MUMBAI -- Endorsing the right of a woman to "lead a life of her choice", the Bombay High Court has held that the scope of the Medical Termination of Pregnancy Act should extend to the "mental health" of a woman and she should be "allowed to opt out of an unwanted pregnancy irrespective of the reason".
A division bench of Justices VK Tahilramani and Mridula Bhatkar on Monday said, the benefits of the Act must be extended to not just married women but also to those women who "stay with their partners as married couples in live-in relationships".
The court maintained that though the Act provided for a woman to undergo abortion if she was pregnant for less than 12 weeks and with the consent of two medical practitioners if she was pregnant for 12 to 20 weeks, in cases where the pregnancy posed a risk to the health of a woman or to the foetus, she must be allowed to undergo abortion during the same timeline even if there was no risk to her "physical health".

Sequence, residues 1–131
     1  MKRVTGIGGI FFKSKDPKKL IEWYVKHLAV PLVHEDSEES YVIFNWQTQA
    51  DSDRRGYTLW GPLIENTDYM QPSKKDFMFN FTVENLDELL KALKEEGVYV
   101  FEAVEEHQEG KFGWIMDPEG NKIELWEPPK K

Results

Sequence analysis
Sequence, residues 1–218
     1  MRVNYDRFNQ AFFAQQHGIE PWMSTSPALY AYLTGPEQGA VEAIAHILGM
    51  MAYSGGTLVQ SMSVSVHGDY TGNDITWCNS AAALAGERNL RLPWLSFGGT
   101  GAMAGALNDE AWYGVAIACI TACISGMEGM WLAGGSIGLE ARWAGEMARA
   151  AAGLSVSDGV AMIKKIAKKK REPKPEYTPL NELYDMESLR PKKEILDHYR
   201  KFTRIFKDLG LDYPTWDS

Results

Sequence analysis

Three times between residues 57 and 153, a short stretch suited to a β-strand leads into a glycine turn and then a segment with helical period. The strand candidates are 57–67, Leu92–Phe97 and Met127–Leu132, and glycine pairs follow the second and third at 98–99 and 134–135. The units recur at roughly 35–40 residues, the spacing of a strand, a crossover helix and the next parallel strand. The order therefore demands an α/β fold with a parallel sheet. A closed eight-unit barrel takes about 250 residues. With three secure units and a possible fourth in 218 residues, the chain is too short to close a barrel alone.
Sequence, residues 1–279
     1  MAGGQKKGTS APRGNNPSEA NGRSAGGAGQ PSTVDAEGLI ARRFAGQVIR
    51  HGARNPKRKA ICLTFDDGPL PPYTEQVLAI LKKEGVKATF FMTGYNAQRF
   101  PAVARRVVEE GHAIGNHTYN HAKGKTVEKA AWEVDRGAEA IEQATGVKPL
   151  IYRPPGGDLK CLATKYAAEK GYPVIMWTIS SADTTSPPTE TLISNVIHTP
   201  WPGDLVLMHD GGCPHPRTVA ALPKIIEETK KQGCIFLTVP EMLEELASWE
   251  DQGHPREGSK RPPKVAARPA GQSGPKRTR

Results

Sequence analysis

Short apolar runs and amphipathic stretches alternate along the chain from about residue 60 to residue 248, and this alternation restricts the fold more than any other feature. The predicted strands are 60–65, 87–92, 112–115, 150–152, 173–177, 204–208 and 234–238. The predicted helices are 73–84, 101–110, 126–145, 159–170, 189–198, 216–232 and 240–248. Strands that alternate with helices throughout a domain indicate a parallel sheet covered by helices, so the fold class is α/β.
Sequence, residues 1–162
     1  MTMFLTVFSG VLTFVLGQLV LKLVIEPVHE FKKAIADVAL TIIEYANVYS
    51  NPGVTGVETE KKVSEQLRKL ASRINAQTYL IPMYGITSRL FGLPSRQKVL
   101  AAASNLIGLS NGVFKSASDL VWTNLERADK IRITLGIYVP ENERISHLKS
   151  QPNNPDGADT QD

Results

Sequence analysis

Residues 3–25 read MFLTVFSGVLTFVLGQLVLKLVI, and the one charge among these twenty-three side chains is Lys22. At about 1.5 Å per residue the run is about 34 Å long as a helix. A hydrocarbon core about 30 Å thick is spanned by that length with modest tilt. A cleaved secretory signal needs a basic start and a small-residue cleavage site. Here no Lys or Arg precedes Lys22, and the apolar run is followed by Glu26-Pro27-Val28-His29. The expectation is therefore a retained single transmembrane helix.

The court made the observation while taking suo motu (on its own) cognizance of a news report about pregnant women prisoners who were not taken to hospitals, despite informing the jail authorities of their wish to terminate pregnancy.
"Pregnancy takes place within the body of a woman and has a profound impact on her health, mental well-being and life. Thus, how she wants to deal with this pregnancy must be a decision she, and she alone, can make," the bench said.
"The right to control their own body and fertility and motherhood choices should be left to the women alone. Let us not lose sight of the basic right of women: the right to autonomy and decide what to do with their own bodies, including whether or not to get pregnant and stay pregnant.
"This right emerges from her right to live with dignity as a human being in society and protected as a fundamental right under Article 21 of the Constitution," the judges said.
"Not allowing a woman to terminate her pregnancy amounts to grave injury to her mental health," they added.
The bench also passed certain directions to make it easier for women prisoners to access health facilities, including the right to medical termination of pregnancy.
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